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Goerigk, Stephan; Hilbert, Sven; Jobst, Andrea; Falkai, Peter; Bühner, Markus; Stachl, Clemens; Bischl, Bernd; Coors, Stefan; Ehring, Thomas; Padberg, Frank; Sarubin, Nina (2018): Predicting instructed simulation and dissimulation when screening for depressive symptoms. In: European Archives of Psychiatry and Clinical Neuroscience, Vol. 268, No. 1: pp. 1-16
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Abstract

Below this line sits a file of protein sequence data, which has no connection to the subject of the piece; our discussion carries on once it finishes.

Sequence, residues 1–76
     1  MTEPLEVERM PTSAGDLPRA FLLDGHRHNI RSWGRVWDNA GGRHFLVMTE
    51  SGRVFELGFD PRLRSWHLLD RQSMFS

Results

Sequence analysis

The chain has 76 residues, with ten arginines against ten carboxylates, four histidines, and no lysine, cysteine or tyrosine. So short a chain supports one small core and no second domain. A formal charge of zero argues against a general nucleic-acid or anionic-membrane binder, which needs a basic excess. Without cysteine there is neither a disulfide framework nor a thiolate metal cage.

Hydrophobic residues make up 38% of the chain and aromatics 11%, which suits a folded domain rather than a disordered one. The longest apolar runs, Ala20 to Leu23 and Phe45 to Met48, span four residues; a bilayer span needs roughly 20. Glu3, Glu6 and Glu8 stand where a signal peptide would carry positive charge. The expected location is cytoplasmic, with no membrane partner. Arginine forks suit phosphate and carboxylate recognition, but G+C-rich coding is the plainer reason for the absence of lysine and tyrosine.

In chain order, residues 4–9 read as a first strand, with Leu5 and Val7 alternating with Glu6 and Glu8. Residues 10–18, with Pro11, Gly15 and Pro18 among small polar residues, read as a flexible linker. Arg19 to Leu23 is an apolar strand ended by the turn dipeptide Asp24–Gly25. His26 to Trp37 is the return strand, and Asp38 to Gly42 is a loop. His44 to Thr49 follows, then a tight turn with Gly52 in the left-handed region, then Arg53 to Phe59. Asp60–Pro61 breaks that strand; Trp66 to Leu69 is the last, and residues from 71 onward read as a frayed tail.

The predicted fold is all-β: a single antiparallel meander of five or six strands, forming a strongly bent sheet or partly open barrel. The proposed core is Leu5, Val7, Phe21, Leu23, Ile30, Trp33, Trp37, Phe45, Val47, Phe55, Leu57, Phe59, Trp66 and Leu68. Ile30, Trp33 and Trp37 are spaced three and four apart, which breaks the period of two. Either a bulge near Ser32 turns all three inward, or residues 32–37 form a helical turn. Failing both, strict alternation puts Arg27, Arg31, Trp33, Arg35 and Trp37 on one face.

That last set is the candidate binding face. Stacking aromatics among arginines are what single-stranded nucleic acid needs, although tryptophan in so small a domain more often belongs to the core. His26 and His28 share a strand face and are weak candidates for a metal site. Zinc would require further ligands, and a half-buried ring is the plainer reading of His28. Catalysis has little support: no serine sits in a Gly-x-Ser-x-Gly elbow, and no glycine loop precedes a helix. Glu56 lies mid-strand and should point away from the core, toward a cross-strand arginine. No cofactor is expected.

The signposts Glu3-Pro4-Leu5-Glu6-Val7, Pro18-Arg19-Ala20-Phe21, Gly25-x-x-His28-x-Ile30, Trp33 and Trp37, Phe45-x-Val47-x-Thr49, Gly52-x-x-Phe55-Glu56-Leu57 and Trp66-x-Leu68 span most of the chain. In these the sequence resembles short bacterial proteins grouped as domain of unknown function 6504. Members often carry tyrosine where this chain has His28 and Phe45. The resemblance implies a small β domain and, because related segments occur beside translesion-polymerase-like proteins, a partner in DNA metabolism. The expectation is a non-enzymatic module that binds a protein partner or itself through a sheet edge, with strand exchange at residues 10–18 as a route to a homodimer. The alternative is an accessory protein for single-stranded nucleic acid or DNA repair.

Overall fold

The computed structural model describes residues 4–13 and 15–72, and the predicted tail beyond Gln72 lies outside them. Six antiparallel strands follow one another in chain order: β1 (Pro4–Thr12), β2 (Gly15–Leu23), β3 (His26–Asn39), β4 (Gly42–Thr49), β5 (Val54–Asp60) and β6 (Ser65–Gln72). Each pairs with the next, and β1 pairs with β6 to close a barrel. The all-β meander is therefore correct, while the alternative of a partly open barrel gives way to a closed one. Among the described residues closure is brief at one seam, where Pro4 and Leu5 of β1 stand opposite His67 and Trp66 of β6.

The intentional distortion of test results presents a fundamental problem to self-report-based psychiatric assessment, such as screening for depressive symptoms. The first objective of the study was to clarify whether depressed patients like healthy controls possess both the cognitive ability and motivation to deliberately influence results of commonly used screening measures. The second objective was the construction of a method derived directly from within the test takers’ responses to systematically detect faking behavior. Supervised machine learning algorithms posit the potential to empirically learn the implicit interconnections between responses, which shape detectable faking patterns. In a standardized design, faking bad and faking good were experimentally induced in a matched sample of 150 depressed and 150 healthy subjects. Participants completed commonly used questionnaires to detect depressive and associated symptoms. Group differences throughout experimental conditions were evaluated using linear mixed-models. Machine learning algorithms were trained on the test results and compared regarding their capacity to systematically predict distortions in response behavior in two scenarios: (1) differentiation of authentic patient responses from simulated responses of healthy participants; (2) differentiation of authentic patient responses from dissimulated patient responses. Statistically significant convergence of the test scores in both faking conditions suggests that both depressive patients and healthy controls have the cognitive ability as well as the motivational compliance to alter their test results. Evaluation of the algorithmic capability to detect faking behavior yielded ideal predictive accuracies of up to 89%. Implications of the findings, as well as future research objectives are discussed. Trial Registration The study was pre-registered at the German registry for clinical trials (Deutsches Register klinischer Studien, DRKS; DRKS00007708).